What’s more – and this is especially relevant for factories and other production-oriented workplaces – as employees work longer hours, companies are more likely to experience serious, catastrophic accidents. These accidents are not only damaging to company property (in terms of equipment and liability costs), but accidents on company property can also significantly harm a business’s reputation.
The relationship between hours worked and productivity also holds true for overtime. Although increasing work hours does result in productivity gains in the short term, this trend eventually stops. For example, in one Business Roundtable study, researchers discovered that overtime only increased company productivity in short bursts.
After a certain number of weeks, employees became too burned out to perform at their fullest abilities. For most employees, productivity starts to fall after only one full week. In the study, it took only eight weeks’ worth of 60 hour work weeks for employee productivity to decline significantly. In fact, the drop in productivity was so severe that it eventually matched the productivity levels of their original 40 hour work week! And the more overtime employees worked, the fewer weeks they were able to sustain the pace. For 80 hour work weeks, it took only three weeks for employee productivity to fall back to that of the 40 hour work week.
On top of this, even during the short window where overtime does result in increased productivity, there isn’t even a direct correlation between the amount of overtime and the increase in productivity. For example, in the Business Roundtable study mentioned above, researchers concluded that, despite conventional wisdom, a 50 percent increase in hours did not result in a 50 percent increase in productivity. Rather, the 50 percent increase in working hours (from 40 hours a week to 60 hours a week) only resulted in a productivity gain of about 25 percent.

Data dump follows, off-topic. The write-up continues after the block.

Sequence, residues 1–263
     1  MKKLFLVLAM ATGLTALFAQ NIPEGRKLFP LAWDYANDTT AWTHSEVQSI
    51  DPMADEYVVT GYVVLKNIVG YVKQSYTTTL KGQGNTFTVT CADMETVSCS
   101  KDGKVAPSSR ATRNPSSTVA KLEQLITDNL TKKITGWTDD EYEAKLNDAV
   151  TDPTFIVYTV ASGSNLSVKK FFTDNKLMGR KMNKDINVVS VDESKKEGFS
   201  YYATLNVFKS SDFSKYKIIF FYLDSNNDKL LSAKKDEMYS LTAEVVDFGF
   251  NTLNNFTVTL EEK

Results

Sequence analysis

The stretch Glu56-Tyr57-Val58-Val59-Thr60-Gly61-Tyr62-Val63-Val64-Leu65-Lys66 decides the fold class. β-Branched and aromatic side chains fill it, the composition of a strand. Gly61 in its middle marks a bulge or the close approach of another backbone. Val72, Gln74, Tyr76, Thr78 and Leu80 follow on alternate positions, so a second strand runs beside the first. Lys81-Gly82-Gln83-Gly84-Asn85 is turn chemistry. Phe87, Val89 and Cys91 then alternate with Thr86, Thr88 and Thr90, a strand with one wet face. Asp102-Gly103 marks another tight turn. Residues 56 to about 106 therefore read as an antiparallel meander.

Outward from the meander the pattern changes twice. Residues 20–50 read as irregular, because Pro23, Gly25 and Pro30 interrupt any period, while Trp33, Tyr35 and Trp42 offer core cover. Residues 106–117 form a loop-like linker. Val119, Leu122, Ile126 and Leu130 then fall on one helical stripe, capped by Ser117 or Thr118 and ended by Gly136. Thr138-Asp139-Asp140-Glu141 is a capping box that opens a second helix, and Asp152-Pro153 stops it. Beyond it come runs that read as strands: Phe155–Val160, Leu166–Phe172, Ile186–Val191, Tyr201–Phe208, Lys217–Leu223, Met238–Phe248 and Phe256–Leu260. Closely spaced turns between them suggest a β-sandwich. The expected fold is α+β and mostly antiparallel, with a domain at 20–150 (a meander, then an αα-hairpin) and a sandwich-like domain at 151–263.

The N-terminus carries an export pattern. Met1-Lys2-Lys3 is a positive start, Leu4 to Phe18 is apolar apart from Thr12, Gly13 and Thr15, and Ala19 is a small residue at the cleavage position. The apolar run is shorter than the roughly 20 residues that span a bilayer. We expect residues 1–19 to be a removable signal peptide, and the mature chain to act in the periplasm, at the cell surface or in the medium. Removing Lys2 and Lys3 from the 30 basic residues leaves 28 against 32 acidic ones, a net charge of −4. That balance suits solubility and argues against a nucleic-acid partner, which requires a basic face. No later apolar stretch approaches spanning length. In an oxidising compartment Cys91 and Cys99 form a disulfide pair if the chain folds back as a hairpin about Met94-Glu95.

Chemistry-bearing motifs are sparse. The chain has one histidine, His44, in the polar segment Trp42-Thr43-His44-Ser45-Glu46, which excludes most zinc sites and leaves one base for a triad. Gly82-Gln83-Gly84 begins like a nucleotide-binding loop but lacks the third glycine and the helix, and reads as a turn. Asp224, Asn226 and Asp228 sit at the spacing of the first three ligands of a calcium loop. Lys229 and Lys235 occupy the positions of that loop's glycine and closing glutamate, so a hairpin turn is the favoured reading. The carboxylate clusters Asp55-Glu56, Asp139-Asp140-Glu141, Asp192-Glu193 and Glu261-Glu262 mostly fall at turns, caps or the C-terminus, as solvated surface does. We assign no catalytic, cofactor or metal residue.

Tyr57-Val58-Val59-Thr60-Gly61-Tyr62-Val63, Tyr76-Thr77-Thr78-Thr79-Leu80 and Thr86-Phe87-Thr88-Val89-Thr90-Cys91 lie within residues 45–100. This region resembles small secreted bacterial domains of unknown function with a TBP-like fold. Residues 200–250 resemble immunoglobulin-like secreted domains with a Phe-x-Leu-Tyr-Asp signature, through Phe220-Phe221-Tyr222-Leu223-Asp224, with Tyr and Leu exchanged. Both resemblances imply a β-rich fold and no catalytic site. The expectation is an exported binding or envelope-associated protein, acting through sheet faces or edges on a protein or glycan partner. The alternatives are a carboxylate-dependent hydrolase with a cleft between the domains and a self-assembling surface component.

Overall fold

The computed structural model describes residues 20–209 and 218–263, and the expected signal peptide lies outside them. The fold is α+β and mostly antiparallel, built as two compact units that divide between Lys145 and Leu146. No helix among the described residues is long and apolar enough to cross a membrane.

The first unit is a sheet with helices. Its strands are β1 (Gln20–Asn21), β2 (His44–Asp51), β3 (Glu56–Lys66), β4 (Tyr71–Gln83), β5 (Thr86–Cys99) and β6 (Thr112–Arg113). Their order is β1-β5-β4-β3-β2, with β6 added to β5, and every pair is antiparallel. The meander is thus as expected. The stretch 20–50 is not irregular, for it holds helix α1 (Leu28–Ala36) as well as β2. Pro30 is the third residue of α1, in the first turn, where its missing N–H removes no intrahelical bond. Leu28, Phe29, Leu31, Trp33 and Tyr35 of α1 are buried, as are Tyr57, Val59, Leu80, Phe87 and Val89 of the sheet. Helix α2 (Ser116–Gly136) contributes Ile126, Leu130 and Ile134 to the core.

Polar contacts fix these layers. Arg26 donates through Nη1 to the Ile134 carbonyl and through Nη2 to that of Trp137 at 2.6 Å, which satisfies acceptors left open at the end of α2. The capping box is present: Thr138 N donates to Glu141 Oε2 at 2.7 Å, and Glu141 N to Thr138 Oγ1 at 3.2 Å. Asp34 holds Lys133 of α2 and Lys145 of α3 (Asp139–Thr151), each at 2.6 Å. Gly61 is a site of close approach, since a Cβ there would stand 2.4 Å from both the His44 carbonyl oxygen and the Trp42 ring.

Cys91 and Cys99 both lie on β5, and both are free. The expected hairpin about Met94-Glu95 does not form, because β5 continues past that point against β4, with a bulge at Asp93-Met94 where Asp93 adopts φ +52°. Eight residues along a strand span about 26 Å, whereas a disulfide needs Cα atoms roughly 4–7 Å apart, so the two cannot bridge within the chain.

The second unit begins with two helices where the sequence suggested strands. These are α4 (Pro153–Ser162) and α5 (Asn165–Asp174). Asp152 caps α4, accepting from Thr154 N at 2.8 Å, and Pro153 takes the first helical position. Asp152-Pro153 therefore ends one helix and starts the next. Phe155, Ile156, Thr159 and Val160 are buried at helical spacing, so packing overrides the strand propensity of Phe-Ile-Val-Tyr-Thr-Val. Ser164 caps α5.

Again, this is rooted in the fact that no matter how much we try to push ourselves, our brains and bodies are only capable of so much. After a certain point (again, around 40 hours for the vast majority of the population), we simply stop being productive.
There are exceptions to every rule, of course, but research and common sense indicate that for most individuals, working longer hours is simply not a good choice. Not only will it negatively affect employees’ personal lives, but it can (and usually does) have a terrible impact on your company’s performance as a whole. So for the sake of your employees’ well-being and your company’s efficiency, it’s best to limit working hours.
As a sales rep and first-line manager in both my medical and volunteer career I have found that I am obsessed with efficiency and sometimes that obsession has hurt my attitude/performance. I often focus too much on wanting to revise or change the system used, for the better and to save both time and money, but often others in the company don’t want to change the process even if they see that it will save themselves time in the long run. Unless upper management is sold on efficiency, it often rarely happens, unless they bring in a consultant.